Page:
In 1964, William Crozier retrieved this picture out of storage, and Ruth paid £20 for it. Dating from the early 1960s, it is a kind of existentialist self-portrayal, representing perhaps a flayed, screaming Everyman figure. Crozier has since affirmed that his gaunt skeletal subjects – though perhaps initially inspired by individual friends or acquaintances or, indeed, himself – were pared down to an irreducible essence. As such, they become universal symbolic figures.
In 1970, Crozier wrote:
‘I would like an art that is as a razor slash. Some ten years ago I painted my first skeletal figures. Today with a micrometer screw gauge you could measure the flesh that has grown upon them.’
The picture’s shocking visceral immediacy is inseparable from contemporary moral, philosophical and historical influences. After graduating from Glasgow School of Art in 1952, Crozier spent a period living in Paris.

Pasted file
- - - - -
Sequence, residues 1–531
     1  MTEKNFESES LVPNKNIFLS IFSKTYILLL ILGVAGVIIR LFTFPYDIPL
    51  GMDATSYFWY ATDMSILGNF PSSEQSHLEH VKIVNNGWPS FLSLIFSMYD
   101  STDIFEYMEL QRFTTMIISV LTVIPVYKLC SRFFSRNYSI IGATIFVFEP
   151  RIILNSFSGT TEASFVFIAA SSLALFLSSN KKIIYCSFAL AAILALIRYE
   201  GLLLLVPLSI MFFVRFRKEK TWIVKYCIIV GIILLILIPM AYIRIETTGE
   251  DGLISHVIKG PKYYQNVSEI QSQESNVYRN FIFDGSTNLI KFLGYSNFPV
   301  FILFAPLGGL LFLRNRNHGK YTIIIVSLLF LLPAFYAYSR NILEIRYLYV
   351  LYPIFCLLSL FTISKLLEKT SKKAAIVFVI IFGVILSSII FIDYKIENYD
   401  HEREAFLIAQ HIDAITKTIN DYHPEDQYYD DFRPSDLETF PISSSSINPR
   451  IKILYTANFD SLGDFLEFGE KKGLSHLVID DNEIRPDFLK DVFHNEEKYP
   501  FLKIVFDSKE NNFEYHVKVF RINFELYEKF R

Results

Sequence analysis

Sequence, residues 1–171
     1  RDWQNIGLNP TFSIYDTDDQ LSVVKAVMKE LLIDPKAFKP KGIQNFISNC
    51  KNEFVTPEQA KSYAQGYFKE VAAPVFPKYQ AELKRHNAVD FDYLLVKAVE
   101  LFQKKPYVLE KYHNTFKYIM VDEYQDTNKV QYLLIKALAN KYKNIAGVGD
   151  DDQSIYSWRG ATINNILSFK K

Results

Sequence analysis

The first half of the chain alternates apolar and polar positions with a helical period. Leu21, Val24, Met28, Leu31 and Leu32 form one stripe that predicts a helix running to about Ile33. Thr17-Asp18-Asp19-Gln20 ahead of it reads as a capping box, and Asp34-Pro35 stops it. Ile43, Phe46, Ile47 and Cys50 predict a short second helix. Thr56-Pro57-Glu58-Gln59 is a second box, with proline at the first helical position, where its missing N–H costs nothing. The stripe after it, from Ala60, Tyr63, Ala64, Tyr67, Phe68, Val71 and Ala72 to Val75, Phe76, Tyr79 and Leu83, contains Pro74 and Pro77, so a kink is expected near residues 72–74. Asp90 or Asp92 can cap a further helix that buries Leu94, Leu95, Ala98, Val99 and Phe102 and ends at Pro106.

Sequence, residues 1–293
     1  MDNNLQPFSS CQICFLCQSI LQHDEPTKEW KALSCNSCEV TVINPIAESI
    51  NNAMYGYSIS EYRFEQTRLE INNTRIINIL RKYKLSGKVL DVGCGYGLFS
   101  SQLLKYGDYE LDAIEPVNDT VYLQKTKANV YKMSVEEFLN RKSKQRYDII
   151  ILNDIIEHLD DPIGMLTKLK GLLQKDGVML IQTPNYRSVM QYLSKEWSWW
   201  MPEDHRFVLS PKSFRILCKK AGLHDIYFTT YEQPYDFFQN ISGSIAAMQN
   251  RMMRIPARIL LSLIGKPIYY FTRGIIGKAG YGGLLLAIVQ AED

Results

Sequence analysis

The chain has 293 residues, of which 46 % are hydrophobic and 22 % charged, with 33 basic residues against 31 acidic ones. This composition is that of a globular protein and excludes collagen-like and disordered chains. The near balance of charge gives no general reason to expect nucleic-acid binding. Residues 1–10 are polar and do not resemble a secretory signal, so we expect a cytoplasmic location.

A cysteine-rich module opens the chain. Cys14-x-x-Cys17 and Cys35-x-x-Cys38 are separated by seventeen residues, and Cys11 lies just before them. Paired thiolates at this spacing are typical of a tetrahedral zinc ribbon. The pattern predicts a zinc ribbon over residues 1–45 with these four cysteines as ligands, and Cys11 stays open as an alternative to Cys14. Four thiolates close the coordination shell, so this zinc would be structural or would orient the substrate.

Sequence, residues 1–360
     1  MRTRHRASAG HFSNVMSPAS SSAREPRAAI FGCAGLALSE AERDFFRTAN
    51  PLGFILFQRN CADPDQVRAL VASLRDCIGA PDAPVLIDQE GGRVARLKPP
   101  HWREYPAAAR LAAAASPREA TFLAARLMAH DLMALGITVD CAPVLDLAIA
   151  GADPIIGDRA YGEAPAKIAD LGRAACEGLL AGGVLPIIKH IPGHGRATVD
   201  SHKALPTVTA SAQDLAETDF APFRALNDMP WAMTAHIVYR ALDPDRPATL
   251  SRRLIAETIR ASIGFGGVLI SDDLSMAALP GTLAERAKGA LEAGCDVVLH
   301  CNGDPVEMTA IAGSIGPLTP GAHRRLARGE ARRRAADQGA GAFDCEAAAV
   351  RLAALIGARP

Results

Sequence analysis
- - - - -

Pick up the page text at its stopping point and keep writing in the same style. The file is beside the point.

‘I didn’t know anyone. The only thing I did know was something of the intellectual life of Paris… I had read Sartre, Aragon, Celine, Breton, Eluard, René Char… I had seen the first great exhibition of Matisse’s cut-outs and Picasso’s war paintings… And so I was actually going home intellectually and aesthetically speaking. It certainly changed my life forever.’
Though Crozier’s own picture can be seen within a larger European tradition (ranging from medieval memento mori pictures to Ensor’s grinning skull-like masks), its traumatised atmosphere is peculiarly modern. The ‘eye’ of Crozier’s figure is a void – a deep black eye socket contemplating God knows what horrors – but the ‘skeleton’ is hardly moribund: it cries out against a blood-soaked landscape, or what is literally a field of blood, above which flows a weird calligraphy of bloody waves (perhaps undulating entrails). Death has never been more vivid.
A simple autobiographical extract by Crozier casts light on what perhaps haunts this self-portrait:
‘The image of man in the twentieth century will not be the cinema stars or the pop idols, but the victims of Belsen.’
Around 1975, Crozier stopped painting solitary skeletal figures in landscapes, and by the mid 1980s, living in the west of Ireland, he was making vibrant landscapes of trees, fields, moors, mountains and sea – dynamic, often radiantly redemptive compositions, charged with intimate, historical and metaphysical resonances, in which distinctions between abstract and figurative seem unselfconsciously to evaporate.